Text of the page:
After completing the registration and accommodation requirements, the next day, my supervisor introduced me to everyone and showed me the different equipment in the SMS laboratory.
I had to learn about all of the experimental techniques of measurement such as Differential Scanning Calorimetry (DSC), TG-DSC, Ex-Situ & In-Situ XRDP, Polarimetry, NMR and an efficiency and sensitive technique, I am working with the Second Harmonic Generation (SHG) or the TR-SHG, which is the main tool of my research project.
My laboratory has a pretty extensive characterization technique for all kinds of compounds. SMS Laboratory research activities are essentially focused on the study of crystallization of low molecular weight organic compounds, mostly pharmaceutical compounds, but also energetic materials or semiconducting materials.
I am now starting to discover new methods of characterizations and analyses of all type of chemical products, and I should understand these recent technologies to perform the measurements. However, it was very easy to become independent, doing my own measurements, following the introduction from my Professors. Also my integration and my comprehension were not difficult because my colleagues and the Professors are very happy and motivated to explain to a beginner how to use the existing apparatus.
Before starting in the network, I found myself ill-prepared for organic chemistry – with hindsight, my lack of confidence was pretty natural, but at the time I was in the laboratory, I am feeling more confident to solve the scientific problems and to analyse the more complex phenomena. I am always trying to give some additional resources, especially concerning physical properties (since I hold a large background in this area) and I will continue to improve in my research.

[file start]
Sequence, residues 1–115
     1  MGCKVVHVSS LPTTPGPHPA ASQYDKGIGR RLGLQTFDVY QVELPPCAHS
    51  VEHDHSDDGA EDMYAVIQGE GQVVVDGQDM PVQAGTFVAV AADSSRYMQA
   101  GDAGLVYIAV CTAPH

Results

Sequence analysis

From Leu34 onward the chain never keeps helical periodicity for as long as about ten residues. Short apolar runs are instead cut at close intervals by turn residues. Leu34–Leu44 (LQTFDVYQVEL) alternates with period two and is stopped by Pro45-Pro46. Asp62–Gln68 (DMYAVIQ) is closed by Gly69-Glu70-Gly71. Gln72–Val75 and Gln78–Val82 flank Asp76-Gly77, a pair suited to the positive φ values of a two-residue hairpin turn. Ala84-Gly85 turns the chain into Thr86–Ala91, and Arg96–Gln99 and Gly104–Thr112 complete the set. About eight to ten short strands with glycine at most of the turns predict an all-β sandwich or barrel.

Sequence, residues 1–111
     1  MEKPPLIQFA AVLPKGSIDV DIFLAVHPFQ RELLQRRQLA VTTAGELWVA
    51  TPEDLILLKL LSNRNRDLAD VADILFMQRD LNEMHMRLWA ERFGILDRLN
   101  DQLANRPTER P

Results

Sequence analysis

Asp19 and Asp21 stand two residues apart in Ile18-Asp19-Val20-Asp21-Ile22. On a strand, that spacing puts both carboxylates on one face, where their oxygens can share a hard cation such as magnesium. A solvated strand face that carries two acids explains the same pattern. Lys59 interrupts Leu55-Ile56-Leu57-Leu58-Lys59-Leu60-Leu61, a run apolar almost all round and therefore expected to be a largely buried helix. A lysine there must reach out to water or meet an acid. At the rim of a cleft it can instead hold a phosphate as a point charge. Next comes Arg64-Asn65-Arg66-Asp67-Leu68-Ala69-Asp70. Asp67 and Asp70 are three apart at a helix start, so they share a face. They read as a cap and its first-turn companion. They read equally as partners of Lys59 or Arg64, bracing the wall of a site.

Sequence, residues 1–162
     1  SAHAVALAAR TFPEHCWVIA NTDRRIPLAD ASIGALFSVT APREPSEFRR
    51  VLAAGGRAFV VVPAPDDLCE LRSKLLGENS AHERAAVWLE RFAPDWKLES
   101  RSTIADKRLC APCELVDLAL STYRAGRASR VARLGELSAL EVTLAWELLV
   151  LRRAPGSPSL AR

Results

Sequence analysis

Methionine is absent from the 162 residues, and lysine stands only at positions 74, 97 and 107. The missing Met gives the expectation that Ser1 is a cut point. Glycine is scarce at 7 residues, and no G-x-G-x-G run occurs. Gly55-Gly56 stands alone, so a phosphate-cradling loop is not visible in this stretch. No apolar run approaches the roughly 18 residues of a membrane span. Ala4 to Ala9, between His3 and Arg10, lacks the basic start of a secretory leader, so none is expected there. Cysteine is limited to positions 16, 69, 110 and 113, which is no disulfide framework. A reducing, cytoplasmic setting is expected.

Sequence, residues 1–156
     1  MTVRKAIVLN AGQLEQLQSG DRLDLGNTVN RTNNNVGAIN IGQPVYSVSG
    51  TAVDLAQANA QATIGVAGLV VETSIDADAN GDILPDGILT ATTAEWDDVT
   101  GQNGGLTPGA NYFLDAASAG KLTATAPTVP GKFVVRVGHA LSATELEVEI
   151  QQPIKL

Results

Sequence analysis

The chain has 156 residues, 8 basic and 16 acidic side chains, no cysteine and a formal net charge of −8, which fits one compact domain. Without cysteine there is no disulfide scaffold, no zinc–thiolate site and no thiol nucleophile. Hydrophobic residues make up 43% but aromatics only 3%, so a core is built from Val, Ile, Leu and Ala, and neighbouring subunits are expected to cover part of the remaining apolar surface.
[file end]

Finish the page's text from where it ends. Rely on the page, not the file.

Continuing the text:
I am on my way to understanding a great deal about the research and how far it can bring technology. In my view, research is like a performing art. No number of reading or attending workshops, conferences and others will prepare you for the challenge. You only get better with practice. By the end of my project, I hope I will make at least a small contribution to the research team in which I belong and for the benefit of CORE as a whole.
This is a small first contribution to the CORE blog and I hope to be more convincing for the next posts. Thank you and welcome to everyone for upcoming comments, likes and shares.
University of Rouen-France
Aliou is a PhD researcher at the SMS Laboratory – University of Rouen, France working under the supervision of Dr. Valérie Dupray, Dr Gabin Gbabode & Prof. Gérard Coquerel. His project work is to discover Conglomerate Forming Systems in Suspension using Second Harmonic Generation (SHG). He also works on Continuous Resolution by Diastereomeric Salt Formation for pure pharmaceuticals and agrochemicals. Aliou is one of the 15 Early Stage Researchers of CORE Network Horizon 2020.